Note (12/2015): Hi there! I'm taking some time off here to focus on other projects for a bit. As of October 2016, those other projects include a science book series for kids titled Things That Make You Go Yuck! -- available at Barnes and Noble, Amazon and (hopefully) a bookstore near you!

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· Categories: Physics
What I’ve Learned:

Pauli exclusion principle: If you're anything like me, then get the hell out.
“Pauli exclusion principle: If you’re anything like me, then get the hell out.”

The Pauli exclusion principle sounds like some rule a big Italian bouncer would use to keep you out of a swanky club, or maybe the reason Hollywood doesn’t let Pauly Shore make movies any more.

(That last one doesn’t really need a special name. The reason Pauly Shore isn’t allowed to make movies any more is all of them.)

But the Pauli exclusion principle is something else entirely. In the 1920s, physicists kinda-sorta understood something about the nature of atoms, and the electrons whizzing around them. They knew how many electrons the atoms of each element contained — one for hydrogen, two for helium, five for Milla Jovovich, et cetera — and they knew that some of those elements were more “stable” than others.

In physics terms, this stability meant that atoms of these elements didn’t share electrons with other atoms. They had no extras to give, and no empty electron-sized holes on their knickknack shelves to fill. These elements seemed to have atoms that were “full” of electrons — but no one knew exactly what that meant, or what kept the atoms in that “full” state.

A lot of people guessed it was those godawful Carl’s Jr. Thickburgers. But those didn’t exist yet — so it was probably something else.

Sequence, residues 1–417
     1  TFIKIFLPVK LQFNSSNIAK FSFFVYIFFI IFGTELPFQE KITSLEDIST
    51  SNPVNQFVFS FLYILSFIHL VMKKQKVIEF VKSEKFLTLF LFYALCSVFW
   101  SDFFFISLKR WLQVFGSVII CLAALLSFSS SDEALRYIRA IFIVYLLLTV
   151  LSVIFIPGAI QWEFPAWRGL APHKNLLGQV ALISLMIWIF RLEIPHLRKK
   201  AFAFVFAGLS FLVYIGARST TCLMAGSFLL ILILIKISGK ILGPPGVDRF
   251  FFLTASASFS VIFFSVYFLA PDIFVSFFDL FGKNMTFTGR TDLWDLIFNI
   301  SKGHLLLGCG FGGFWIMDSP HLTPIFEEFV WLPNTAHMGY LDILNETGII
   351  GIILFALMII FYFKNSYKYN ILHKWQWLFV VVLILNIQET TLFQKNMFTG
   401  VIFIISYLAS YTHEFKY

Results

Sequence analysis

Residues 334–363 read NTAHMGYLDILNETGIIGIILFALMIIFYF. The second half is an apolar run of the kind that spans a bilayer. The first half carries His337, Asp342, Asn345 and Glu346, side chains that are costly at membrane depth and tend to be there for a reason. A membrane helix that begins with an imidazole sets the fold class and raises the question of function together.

Enter physicist Wolfgang Pauli, who simplified matters by making things more complicated. Because this is quantum physics, and that’s how it works most of the time.

At the time, electrons in an atom were characterized by three characteristics, or “quantum numbers”. Together, the values for these numbers described (roughly) the distance, shape and orientation of the electron’s orbit around the atom. And it took a hell of a lot of work to figure those three coordinates out.

Pauli decided that wasn’t enough, and added a fourth. He didn’t know what it was, exactly, but it was some characteristic with one of two possible values, like “on” or “off”. “Shirts” or “skins”. “Team Edward” or “Team Jacob”. Take your pick.

To make up for all the extra math, he then tacked on his Pauli exclusion principle: taking all four characteristics into account, no two electrons in an atom can have the same values. An electron orbital is “full” with two electrons in it — one with each possible value for Pauli’s fourth number. They can’t have the same number — and a third wheel can’t slip in, because both possible numbers are taken.

With that, it all came together. Atoms have different numbers and types and sizes of orbitals, but applying the Pauli exclusion principle explains which ones are “full”, and when the whole atom is “full”. The predictions lined up exactly with what scientists had already observed about atomic behavior. With one simple rule (well, relatively simple, for physics), Pauli gave physics a cornerstone of quantum mechanics and atomic physics. And in 1945, physics gave him back a Nobel Prize for it.

In the following years, Pauli’s fourth quantum number was identified as the “spin” of the electron, which for typically-complicated reasons has a value of either 1/2 or -1/2, but never anything else. All those physicists who bet on “boxers” versus “briefs” were apparently wrong.

But the impact of the Pauli exclusion principle didn’t end with electrons and atoms. The rule applies to all fermions (subatomic particles with half-integer spin), and also explains the characteristics of conductors and semiconductors, shows why matter is stable and takes up volume, and helps astrophysicists describe why white dwarf and neutron stars don’t collapse into black holes. Not bad for a scientific idea that basically started out with electrons picking “heads” or “tails”.

Image sources: StudyBlue (Pauli exclusion principle), Vevo (Pauly Shore, outside looking in), Kristy Lish (Leeloo / Fifth Element), Synotrip (Paris with a mouthful of Carl)

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